Controlled Chaos in the Classroom

Dec 19, 2023

There are times you might look into a classroom and think it's just pure chaos, but it's actually controlled chaos. Meaning, the teacher is striking that fine balance between order and spontaneity. It might be loud, a little messy, sometimes a bit hectic, but this is by design. The teacher knows that what is happening is leading to more engagement and deeper learning.


When I used to teach World War I with high school freshmen, I would show up to school dressed as a World War I captain and announce that for class that day, we would engage in trench warfare. We'd study diagrams of how trenches were set up and then put our desks sideways and hold a battle, throwing paper balls, of course. At times I would pause the battle and share some history; we'd have a Christmas Armistice where the battle would stop, and they would write letters home. 

Afterwards, we'd have a big discussion about it all, and students would write about the experience. The World War I day was unanimously one of the favorite days of the year.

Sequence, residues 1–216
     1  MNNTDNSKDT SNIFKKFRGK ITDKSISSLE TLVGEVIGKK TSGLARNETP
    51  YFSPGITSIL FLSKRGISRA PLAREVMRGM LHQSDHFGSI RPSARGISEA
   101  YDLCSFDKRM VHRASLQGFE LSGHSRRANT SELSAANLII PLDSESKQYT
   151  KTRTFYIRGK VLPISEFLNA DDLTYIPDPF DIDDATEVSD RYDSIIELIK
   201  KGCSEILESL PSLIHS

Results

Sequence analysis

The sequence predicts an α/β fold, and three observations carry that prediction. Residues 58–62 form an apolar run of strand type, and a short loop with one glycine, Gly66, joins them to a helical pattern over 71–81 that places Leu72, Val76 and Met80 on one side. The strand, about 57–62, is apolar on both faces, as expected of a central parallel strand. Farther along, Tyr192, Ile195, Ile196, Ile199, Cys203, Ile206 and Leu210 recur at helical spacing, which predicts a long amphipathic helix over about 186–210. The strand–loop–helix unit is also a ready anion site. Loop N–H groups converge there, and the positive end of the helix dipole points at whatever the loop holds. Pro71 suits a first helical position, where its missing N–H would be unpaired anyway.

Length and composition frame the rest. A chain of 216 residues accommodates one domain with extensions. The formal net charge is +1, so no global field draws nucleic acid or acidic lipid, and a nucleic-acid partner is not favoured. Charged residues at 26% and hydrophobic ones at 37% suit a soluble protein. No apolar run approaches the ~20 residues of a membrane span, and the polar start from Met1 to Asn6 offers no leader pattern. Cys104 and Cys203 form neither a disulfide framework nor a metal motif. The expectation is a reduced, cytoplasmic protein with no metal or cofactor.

The Purpose of Controlled Chaos 

If you were visiting my class the days we did trench warfare, you might think, "Oh, they were just having fun." Correct, they were having fun, and it was a little chaotic, but they were also learning, and we were forming a tighter classroom community, which, of course, led to deeper learning when we weren't having grand simulations.

The notion that a quiet classroom is an effective classroom is not always correct. In fact, sometimes it's just plain wrong. Sometimes learning is messy. Class discussions are loud. Student collaboration can be a little hectic. Teachers can be funny, and kids' laughter can be heard from the hallway.

Sometimes classrooms can be a little chaotic. 

Not always, but sometimes. And this doesn’t always reflect well on a teacher evaluation or from the perspective of a passerby in the hallway. But it does in the way students engage. The trick is finding balance between order and spontaneity.

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